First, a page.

From Vacant Shelves
J.K. Rowling’s first book for grown-up Muggles, The Casual Vacancy, is the fastest selling book ever, about 2.6 million sold already. It got mixed reviews from critics; The New York Times said it’s “not only disappointing, it’s dull”, while The Guardian called it “A solid, traditional and determinedly unadventurous English novel”. It stirred the Sikh community for a character’s unsavoury remarks about Sukhvinder, a Sikh girl in the book, who is “mustachioed, yet large-mammaried”. Many middle-class British readers also found the book offensive for its portrayal of them as mean-spirited and shallow. But all this has little impact on the author’s fans—as far as sales are concerned, her magic is intact.
Work To Write
Here is something we can do more of in India—creating writing workshops by established writers. Amit Chaudhuri (Freedom Song, Afternoon Raag, A Strange and Sublime Address) will hold the first of its kind workshop along with novelist Marina Warner in Calcutta next year, for which the selection process is on. “I’m hoping it will not only facilitate and identify some of the best emerging writers in India writing in English, it will become a centre for excellence as the Iowa summer school is, and also add something to Calcutta’s cultural life, or whichever city the programme is held in later,” says Chaudhuri. Details in www.uea.ac.uk.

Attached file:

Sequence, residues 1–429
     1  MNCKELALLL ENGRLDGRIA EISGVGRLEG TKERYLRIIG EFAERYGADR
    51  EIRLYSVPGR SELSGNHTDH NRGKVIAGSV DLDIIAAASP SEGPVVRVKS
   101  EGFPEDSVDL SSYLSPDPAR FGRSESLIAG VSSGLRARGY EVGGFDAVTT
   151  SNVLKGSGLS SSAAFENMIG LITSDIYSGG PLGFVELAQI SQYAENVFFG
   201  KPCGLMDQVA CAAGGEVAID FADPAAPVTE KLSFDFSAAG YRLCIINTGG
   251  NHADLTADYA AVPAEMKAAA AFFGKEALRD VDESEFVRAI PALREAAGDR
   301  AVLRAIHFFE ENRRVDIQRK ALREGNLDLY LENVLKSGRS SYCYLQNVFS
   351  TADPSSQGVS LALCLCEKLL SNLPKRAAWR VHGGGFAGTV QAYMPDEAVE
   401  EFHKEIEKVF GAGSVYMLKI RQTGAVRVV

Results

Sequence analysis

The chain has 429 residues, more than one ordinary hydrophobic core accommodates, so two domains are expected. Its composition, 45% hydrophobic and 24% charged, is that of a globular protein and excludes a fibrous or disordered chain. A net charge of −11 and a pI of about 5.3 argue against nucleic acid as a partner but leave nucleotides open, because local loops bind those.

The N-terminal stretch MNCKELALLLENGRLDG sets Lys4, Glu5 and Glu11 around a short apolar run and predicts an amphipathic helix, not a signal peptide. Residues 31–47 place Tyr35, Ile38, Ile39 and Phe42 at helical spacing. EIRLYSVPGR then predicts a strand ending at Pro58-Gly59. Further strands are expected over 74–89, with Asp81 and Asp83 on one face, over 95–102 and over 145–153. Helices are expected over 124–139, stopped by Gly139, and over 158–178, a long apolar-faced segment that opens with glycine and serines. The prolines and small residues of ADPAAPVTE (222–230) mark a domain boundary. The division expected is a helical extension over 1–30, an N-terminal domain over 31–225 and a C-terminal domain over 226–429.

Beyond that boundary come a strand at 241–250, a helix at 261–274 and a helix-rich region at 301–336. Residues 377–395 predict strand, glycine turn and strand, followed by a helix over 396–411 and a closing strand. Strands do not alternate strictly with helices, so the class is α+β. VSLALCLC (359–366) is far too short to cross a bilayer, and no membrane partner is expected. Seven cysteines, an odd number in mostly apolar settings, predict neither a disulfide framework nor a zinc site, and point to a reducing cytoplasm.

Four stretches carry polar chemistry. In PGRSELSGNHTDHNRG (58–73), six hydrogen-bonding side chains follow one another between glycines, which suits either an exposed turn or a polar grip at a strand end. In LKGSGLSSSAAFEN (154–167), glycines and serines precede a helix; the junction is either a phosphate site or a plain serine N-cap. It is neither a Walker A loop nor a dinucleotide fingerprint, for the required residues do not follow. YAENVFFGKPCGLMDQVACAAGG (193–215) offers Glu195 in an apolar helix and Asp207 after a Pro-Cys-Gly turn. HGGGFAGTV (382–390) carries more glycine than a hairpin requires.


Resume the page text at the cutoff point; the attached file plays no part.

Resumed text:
Now for some author switch. After three non-fiction books with Penguin, Bhaichand Patel is taking his first novel to Pan Macmillan. Why, when there was a bid from Penguin? “They made an offer I could not refuse,” says Patel.